5. Creating a Linux Virtual Machine in Azure – Yep! You can create Linux VMs in Azure.   You can also learn how to install the LAMP stack on your Linux VM 
  6. Create a Node.JS Website in Azure and Deploy from GitHub – Azure websites support the platforms you love like ASP.NET, PHP, Python and Node.js and you can deploy from source control services like Visual Studio Online or GitHub
  7. Visual Studio Online – You can create FREE, PRIVATE projects in Visual Studio Online.  Get more than just source control.
  8. Create an Azure Mobile Service for your Android App – Azure Mobile Services are an extremely powerful way to create backends for your mobile apps!
  9. Create an Azure Mobile Service for your iOS App – And iOS apps
  10. Create an Azure Mobile Service for your HTML5 Client App!
  11. Getting User Data with Azure Mobile Services

“DevTest Scenarios in the DevOps World” Resources

Today, 10/20/2014 Cale Teeter, Charles Sterling, Jeff Levinson and I will be delivering a live session on Microsoft Virtual Academy on “Dev/Test Scenarios in the DevOps World”. 

You can grab a copy of Bret’s Demo Files here: http://1drv.ms/1r0CFJw

New Azure Client OS VM Images for Windows 8.1 and Windows 7

I love the awesome surprises I get in the Azure Management Portal on a regular basis!  Today’s (05/12/2014) was an awesome set of new base images for MSDN subscribers:

image

Yep, you see correctly, Windows 8.1 Enterprise and Windows 7 Enterprise images, including some with Visual Studio 2013 Update 2 already installed! w00t!

I also noticed that a number of new extensions are available as well!  Including “Custom Script” and numerous “Security Extensions” with support for Microsoft Antimalware, as well as Symantec Endpoint Protection and Trend Micro Deep Security Agent.  Time to go learn more! 

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Oh, and look at these tantalizing new preview features! Azure RemoteApp and Windows Azure Files, an SMB File Share service!

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Global Windows Azure Bootcamp San Diego (GWAB)

Looking forward to seeing everybody at the Global Windows Azure Bootcamp in San Diego tomorrow.  Wanted to get a couple of quick logistical things for the event.  You can also check back here for updates both during and after the event:

Date:

March 29th, 2014 from 9am to 4pm.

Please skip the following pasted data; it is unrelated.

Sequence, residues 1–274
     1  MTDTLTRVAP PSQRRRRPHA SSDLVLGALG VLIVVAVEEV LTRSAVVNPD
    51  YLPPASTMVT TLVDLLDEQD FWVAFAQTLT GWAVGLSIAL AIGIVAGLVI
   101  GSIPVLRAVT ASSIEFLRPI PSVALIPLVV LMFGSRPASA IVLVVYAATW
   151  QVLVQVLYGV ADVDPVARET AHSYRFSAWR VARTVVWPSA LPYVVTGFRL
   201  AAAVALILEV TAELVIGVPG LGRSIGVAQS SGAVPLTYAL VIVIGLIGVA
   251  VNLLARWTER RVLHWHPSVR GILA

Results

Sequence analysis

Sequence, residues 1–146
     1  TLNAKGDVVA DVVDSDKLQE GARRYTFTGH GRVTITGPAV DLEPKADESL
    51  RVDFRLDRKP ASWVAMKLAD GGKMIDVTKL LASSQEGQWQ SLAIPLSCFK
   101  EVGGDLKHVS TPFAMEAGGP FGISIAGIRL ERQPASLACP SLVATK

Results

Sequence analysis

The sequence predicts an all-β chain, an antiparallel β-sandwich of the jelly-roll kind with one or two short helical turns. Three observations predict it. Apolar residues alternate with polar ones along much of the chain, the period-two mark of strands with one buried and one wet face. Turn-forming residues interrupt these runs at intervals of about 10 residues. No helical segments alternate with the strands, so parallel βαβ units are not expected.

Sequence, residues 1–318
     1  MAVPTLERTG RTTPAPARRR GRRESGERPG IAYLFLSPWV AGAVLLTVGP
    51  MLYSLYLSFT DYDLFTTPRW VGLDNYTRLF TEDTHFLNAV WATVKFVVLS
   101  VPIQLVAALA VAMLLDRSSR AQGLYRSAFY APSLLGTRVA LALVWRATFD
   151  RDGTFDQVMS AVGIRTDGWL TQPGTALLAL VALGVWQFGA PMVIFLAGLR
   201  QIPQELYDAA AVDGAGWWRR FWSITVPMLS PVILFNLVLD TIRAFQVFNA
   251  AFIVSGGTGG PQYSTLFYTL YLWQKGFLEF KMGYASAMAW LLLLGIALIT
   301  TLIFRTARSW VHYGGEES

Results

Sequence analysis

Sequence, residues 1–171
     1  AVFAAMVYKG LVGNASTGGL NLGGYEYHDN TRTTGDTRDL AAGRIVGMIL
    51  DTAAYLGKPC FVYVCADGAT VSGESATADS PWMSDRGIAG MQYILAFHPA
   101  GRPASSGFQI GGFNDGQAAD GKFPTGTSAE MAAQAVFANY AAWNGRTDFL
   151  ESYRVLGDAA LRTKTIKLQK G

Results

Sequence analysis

Location:

Microsoft San Diego Office
9255 Towne Centre Drive
Suite 400
San Diego, CA 92121

Parking:

Parking is $12.50 for the day.
If you don’t want to pay for parking you can try to park on the street or over at UTC shopping center.

Please Bring:

Your EventBrite ticket and a laptop (or a Development VM in Azure, see below) with :

As an alternative to having the pre-requisites on your own laptop, you can create a Virtual Machine is Azure that has everything you need.  I have another blog post with a video that walks through that process: How to Use a Windows Azure VM for Windows 8.1 Development

I also have a step by step walkthrough here: Setting up an Azure Virtual Machine For Developers with Visual Studio 2013 Ultimate and SQL Server 2012 Express.

You should be aware that if you are going to create an VM in Azure to use as your “development workstation” the initial setup time can take a couple of hours (It just takes time to install Visual Studio, SQL Server, SDKs, Updates, etc).  Point being, you might want to get that started as soon as possible. 

FAQs:

Q: I signed up for a free trial a while ago but it has expired
A:
You can sign up for another free trial, but you will need to use a different Microsoft Account (aka Live ID).  You can create a new free Microsoft Account by going to signup.live.com . Then once you have a new Microsoft Account sign up for the free trial again.  Note, you may need to use “InPrivate Browsing” in Internet Explorer (Ctrl+Shift+P) or an “Incognito Window” in Chrome (Ctrl+Shift+N)

Q: Can I use Visual Studio Express Versions